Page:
Mamma Mia! Here We Go Again – movie reviewby Russell Baillie
It may not be as catchy, but the Mamma Mia! sequel outshines the original.
Scrawled a bit later: neither does that one. But she can sing.
Scrawled throughout: clearly another B-side. Needs more balalaika.
Welcome to the head-scratching though not unenjoyable experience of reviewing the sequel to 2008’s Mamma Mia! That film took the world-conquering Abba-powered stage production, threw at it some stars (Meryl! Colin! Julie! Whatshername with the really big eyes!) not known for their vocal or dance prowess and turned it into one of the biggest movie musicals of all time.
Most of the movie musicals with bigger box-office totals are cartoons. Funnily enough, Mamma Mia! had Pierce Brosnan moaning SOS, like a hoofed, possibly wounded, cast member of The Lion King. But animated he wasn’t.
Now, 10 years later, a reprise. The poster is even more crowded (Cher! Lily! Various unidentified young folk!). Its small print shows efforts have been made to avoid the sheer crumminess of the first outing. Well, at least new director Ol Parker was behind both Marigold Hotel flicks and veteran feel-good screenwriter Richard Curtis is co-credited with its story.
It has two timelines, a 1979 flashback following young, free-spirited Donna (Lily James channelling Streep and singing nicely) and her path to pregnancy (via flings with younger and better-singer versions of the Brosnan, Colin Firth and Stellan Skarsgård characters) and to the Greek islands.
That storyline yo-yos often wildly with a contemporary one following Donna’s daughter Sophie (Amanda Seyfried, singing well, too) as she plans a bash for the reopening of her mother’s hotel.
Last time around, the songs haphazardly joined the dots in a story of mothers and daughters, female friendship, ambiguous paternity and blindingly turquoise scenery. This time, the reverse engineering of song-to-scene placement is even more impressive.
You’ve just got to laugh at the strenuous shoehorning of tracks into proceedings – Waterloo, for example, involves a Napoleonic-themed Paris restaurant; When I Kissed the Teacher bursts from an Oxford graduation ceremony where Abba’s Benny Andersson and Björn Ulvaeus cameo among the professors.
It’s clear from early on that MM!HWGA is better made, sung and choreographed than its predecessor. But it’s just not as catchy, with its reliance on lesser-known regions of the Abba catalogue and some reprising of songs from the first movie.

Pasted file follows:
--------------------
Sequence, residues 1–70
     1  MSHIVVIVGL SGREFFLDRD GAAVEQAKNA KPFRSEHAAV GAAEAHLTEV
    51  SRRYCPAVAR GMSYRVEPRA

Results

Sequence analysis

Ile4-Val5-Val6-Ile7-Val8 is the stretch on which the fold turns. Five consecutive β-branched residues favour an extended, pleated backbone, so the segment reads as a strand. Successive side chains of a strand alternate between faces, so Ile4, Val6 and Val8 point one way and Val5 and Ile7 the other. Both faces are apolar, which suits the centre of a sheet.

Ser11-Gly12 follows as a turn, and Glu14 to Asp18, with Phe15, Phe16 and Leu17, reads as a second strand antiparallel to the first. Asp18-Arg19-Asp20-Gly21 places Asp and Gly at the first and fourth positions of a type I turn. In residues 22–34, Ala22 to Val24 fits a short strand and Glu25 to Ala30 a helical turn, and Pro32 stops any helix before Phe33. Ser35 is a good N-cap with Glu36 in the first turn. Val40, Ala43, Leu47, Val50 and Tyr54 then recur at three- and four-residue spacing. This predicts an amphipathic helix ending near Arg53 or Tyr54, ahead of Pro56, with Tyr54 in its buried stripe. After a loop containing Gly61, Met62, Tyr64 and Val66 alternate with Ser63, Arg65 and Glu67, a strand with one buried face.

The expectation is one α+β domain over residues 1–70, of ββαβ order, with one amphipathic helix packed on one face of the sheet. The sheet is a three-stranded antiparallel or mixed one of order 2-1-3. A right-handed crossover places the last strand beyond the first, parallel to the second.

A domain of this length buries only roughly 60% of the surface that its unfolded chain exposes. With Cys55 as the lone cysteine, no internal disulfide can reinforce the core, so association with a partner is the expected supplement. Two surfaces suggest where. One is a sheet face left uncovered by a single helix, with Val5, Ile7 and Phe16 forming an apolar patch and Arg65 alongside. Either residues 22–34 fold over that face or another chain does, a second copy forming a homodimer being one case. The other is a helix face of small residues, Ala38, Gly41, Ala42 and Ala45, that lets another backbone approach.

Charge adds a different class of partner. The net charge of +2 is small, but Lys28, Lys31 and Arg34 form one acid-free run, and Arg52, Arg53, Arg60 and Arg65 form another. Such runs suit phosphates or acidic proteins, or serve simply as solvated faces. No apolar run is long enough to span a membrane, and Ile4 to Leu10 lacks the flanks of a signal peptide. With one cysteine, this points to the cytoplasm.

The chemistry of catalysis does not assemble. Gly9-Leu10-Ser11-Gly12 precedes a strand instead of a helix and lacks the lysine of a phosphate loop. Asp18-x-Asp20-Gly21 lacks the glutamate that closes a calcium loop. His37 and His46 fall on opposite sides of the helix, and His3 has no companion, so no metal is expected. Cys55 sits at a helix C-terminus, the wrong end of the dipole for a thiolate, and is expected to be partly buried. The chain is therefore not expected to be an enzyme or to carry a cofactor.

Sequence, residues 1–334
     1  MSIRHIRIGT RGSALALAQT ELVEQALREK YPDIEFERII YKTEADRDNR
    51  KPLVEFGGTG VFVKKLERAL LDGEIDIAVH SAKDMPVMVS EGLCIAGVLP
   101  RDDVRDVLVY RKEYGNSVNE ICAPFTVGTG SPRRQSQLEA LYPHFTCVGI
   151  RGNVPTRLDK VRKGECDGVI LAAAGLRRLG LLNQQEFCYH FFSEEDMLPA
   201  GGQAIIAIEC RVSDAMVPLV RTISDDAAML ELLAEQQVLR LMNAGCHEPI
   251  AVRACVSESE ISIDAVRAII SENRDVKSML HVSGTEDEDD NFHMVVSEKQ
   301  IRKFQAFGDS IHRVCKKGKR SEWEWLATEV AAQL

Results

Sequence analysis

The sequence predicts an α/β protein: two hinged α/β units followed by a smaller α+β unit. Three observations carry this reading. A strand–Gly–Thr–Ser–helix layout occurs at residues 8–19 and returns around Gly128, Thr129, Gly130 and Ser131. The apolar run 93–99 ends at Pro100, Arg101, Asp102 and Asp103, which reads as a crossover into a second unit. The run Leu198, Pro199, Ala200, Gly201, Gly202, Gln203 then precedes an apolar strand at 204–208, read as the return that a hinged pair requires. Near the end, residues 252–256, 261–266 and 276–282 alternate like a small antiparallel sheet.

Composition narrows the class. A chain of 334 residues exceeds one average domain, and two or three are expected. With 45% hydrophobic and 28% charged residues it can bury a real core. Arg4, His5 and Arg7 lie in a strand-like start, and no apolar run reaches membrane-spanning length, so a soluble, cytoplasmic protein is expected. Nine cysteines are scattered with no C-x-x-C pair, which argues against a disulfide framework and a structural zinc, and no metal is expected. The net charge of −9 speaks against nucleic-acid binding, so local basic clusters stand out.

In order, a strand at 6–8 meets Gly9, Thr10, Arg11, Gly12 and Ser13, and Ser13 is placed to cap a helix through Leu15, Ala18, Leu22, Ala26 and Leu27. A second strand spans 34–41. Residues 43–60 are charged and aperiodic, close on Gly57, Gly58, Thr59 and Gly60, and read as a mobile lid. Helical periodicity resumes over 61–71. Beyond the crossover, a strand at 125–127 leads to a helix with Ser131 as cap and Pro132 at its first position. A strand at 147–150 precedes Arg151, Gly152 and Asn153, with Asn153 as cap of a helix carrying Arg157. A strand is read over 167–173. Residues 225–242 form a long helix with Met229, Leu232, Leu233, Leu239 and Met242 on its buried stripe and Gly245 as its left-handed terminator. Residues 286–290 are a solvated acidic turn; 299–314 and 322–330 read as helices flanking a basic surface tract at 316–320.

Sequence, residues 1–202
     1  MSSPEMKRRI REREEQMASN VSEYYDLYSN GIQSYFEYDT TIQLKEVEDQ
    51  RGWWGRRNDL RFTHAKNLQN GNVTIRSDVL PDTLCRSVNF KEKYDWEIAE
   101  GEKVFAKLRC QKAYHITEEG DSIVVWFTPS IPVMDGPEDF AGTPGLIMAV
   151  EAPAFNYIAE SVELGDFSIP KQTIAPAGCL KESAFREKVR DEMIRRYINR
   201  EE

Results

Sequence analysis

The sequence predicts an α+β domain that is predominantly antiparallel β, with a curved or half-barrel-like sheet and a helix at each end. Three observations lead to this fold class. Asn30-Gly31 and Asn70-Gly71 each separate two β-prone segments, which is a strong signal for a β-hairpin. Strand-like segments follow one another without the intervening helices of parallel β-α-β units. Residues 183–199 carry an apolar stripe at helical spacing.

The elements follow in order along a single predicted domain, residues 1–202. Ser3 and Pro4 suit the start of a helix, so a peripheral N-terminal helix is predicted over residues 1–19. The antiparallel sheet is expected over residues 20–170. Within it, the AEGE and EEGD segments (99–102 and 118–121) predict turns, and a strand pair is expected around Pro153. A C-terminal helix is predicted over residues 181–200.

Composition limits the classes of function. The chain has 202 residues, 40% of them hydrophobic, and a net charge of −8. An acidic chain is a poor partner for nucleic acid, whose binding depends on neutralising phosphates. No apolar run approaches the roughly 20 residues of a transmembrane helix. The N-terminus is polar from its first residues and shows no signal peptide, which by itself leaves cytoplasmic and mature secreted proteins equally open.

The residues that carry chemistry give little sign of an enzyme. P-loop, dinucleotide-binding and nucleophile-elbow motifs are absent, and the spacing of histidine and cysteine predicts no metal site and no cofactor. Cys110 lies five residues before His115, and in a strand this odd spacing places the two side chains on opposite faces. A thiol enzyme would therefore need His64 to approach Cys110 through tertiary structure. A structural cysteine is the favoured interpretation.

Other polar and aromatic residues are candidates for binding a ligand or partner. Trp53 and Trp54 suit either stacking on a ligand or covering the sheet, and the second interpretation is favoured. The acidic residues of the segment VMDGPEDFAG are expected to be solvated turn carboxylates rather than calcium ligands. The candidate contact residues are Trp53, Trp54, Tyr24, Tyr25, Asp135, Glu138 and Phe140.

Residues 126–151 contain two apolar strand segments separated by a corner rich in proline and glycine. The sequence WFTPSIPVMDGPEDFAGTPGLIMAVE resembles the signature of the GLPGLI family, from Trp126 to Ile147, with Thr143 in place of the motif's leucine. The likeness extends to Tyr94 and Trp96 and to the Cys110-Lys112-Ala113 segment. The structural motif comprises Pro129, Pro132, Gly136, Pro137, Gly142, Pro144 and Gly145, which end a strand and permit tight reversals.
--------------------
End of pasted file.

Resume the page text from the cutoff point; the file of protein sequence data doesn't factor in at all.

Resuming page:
Some of those are an improvement (Brosnan’s regretful re-warble of SOS is over mercifully quickly) and some are just bigger and sillier (Dancing Queen is delivered by a Greek chorus on a Dunkirk-sized flotilla).
And Streep? Well, she makes a late entrance due to Donna being no longer with us. But death becomes her – her My Love, My Life is a better musical turn than any she had in the previous film.
And Cher? Well, as Donna’s estranged pop-star mum, she turns up to deliver the only unsung hit left, Fernando, a song prompted by her arrival at the hotel and meeting an old flame (Andy Garcia), who you know is an old flame because at that very moment he’s carrying a burning torch, and it appears that, yes, he can hear the drums.
It’s a gloriously camp highlight to a musical sequel that defies the low expectations brought on by its lacklustre, hit-packed original. Here We Go Again may not have the ear-worm factor of its prototype, but it outdoes it in almost every other department.
IN CINEMAS NOW
Video: Universal Pictures
This article was first published in the July 28, 2018 issue of the New Zealand Listener.
Famous Kiwi women read the powerful words of Kate Sheppard, who fought for the right for women to vote.Read more
Nelson and Motueka are well known for their hops but Garston hops are starting to be noticed by brewers.Read more
Alexx Stuart advocates changing one thing a week. With personal-care items, she says the place to start is body lotion.Read more
The populist contagion sweeping Europe spreads to Germany, Cathrin Schaer writes from Berlin.Read more
From sperm counts to obesity, scientists are only beginning to understand the long-term health effects of many chemicals in everyday use.Read more
Preservative-free cosmetics that survive in your bathroom cupboard are a challenge, says Evolu founder Kati Kasza.Read more
There’s an increasing amount of evidence on cannabis effects, but it's far from straightforward.Read more